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How Financially Strong Is Norwegian Cruise Line Holdings Ltd. (NYSE:NCLH)?

Simply Wall St

There are a number of reasons that attract investors towards large-cap companies such as Norwegian Cruise Line Holdings Ltd. (NYSE:NCLH), with a market cap of US$12b. Risk-averse investors who are attracted to diversified streams of revenue and strong capital returns tend to seek out these large companies. However, the health of the financials determines whether the company continues to succeed. I will provide an overview of Norwegian Cruise Line Holdings’s financial liquidity and leverage to give you an idea of Norwegian Cruise Line Holdings’s position to take advantage of potential acquisitions or comfortably endure future downturns. Note that this commentary is very high-level and solely focused on financial health, so I suggest you dig deeper yourself into NCLH here.

View our latest analysis for Norwegian Cruise Line Holdings

Does NCLH Produce Much Cash Relative To Its Debt?

NCLH has sustained its debt level by about US$6.5b over the last 12 months which accounts for long term debt. At this current level of debt, NCLH currently has US$164m remaining in cash and short-term investments , ready to be used for running the business. Moreover, NCLH has produced cash from operations of US$2.1b in the last twelve months, resulting in an operating cash to total debt ratio of 32%, indicating that NCLH’s debt is appropriately covered by operating cash.

Can NCLH meet its short-term obligations with the cash in hand?

With current liabilities at US$3.2b, it appears that the company may not be able to easily meet these obligations given the level of current assets of US$550m, with a current ratio of 0.17x. The current ratio is the number you get when you divide current assets by current liabilities.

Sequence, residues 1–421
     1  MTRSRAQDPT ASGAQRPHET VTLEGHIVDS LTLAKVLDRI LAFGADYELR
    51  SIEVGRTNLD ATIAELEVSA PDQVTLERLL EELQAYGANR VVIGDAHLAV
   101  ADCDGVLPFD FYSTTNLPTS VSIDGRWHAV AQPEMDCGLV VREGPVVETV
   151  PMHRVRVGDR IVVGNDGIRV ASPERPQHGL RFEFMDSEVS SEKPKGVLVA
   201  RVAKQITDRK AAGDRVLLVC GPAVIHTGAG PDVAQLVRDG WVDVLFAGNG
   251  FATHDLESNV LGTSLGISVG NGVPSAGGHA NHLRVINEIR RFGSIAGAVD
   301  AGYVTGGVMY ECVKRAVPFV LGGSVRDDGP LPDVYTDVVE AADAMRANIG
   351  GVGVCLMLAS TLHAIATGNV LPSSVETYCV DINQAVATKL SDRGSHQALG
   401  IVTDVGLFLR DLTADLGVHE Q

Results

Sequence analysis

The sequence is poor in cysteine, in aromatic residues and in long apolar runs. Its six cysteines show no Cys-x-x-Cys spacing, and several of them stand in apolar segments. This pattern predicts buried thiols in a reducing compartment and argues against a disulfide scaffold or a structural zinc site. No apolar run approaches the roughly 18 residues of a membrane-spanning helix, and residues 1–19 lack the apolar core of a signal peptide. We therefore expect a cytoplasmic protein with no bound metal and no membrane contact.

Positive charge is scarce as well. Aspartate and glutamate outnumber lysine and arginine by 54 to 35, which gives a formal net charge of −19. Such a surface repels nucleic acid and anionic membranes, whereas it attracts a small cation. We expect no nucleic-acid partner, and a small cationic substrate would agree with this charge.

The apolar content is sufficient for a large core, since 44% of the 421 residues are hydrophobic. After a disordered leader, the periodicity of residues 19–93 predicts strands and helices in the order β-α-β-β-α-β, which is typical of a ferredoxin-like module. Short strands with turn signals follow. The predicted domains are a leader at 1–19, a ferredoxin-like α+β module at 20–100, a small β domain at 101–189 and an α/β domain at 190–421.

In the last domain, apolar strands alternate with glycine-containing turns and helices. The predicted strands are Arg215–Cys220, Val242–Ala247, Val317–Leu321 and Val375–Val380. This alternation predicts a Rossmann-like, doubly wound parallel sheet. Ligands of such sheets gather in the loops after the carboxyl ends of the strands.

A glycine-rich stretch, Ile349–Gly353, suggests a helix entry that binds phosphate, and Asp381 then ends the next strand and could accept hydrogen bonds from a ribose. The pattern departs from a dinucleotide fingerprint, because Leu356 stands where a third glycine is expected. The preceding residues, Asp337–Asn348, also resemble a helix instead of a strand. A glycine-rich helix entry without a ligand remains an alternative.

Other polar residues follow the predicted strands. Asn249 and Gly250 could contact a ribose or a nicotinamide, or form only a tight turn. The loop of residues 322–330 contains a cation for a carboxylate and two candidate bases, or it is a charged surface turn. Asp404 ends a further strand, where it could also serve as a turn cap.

NYSE:NCLH Historical Debt, April 24th 2019

Is NCLH’s debt level acceptable?

Norwegian Cruise Line Holdings is a highly levered company given that total debt exceeds equity. This isn’t uncommon for large companies because interest payments on debt are tax deductible, meaning debt can be a cheaper source of capital than equity. Accordingly, large companies often have an advantage over small-caps through lower cost of capital due to cheaper financing. We can test if NCLH’s debt levels are sustainable by measuring interest payments against earnings of a company. Preferably, earnings before interest and tax (EBIT) should be at least three times as large as net interest. For NCLH, the ratio of 4.62x suggests that interest is appropriately covered. High interest coverage serves as an indication of the safety of a company, which highlights why many large organisations like NCLH are considered a risk-averse investment.

Next Steps:

NCLH’s high cash coverage means that, although its debt levels are high, the company is able to utilise its borrowings efficiently in order to generate cash flow. Though its lack of liquidity raises questions over current asset management practices for the large-cap. This is only a rough assessment of financial health, and I'm sure NCLH has company-specific issues impacting its capital structure decisions. I suggest you continue to research Norwegian Cruise Line Holdings to get a better picture of the stock by looking at:

  1. Future Outlook: What are well-informed industry analysts predicting for NCLH’s future growth? Take a look at our free research report of analyst consensus for NCLH’s outlook.
  2. Valuation: What is NCLH worth today? Is the stock undervalued, even when its growth outlook is factored into its intrinsic value? The intrinsic value infographic in our free research report helps visualize whether NCLH is currently mispriced by the market.
  3. Other High-Performing Stocks: Are there other stocks that provide better prospects with proven track records? Explore our free list of these great stocks here.

We aim to bring you long-term focused research analysis driven by fundamental data. Note that our analysis may not factor in the latest price-sensitive company announcements or qualitative material.

If you spot an error that warrants correction, please contact the editor at This article by Simply Wall St is general in nature. It does not constitute a recommendation to buy or sell any stock, and does not take account of your objectives, or your financial situation. Simply Wall St has no position in the stocks mentioned. Thank you for reading.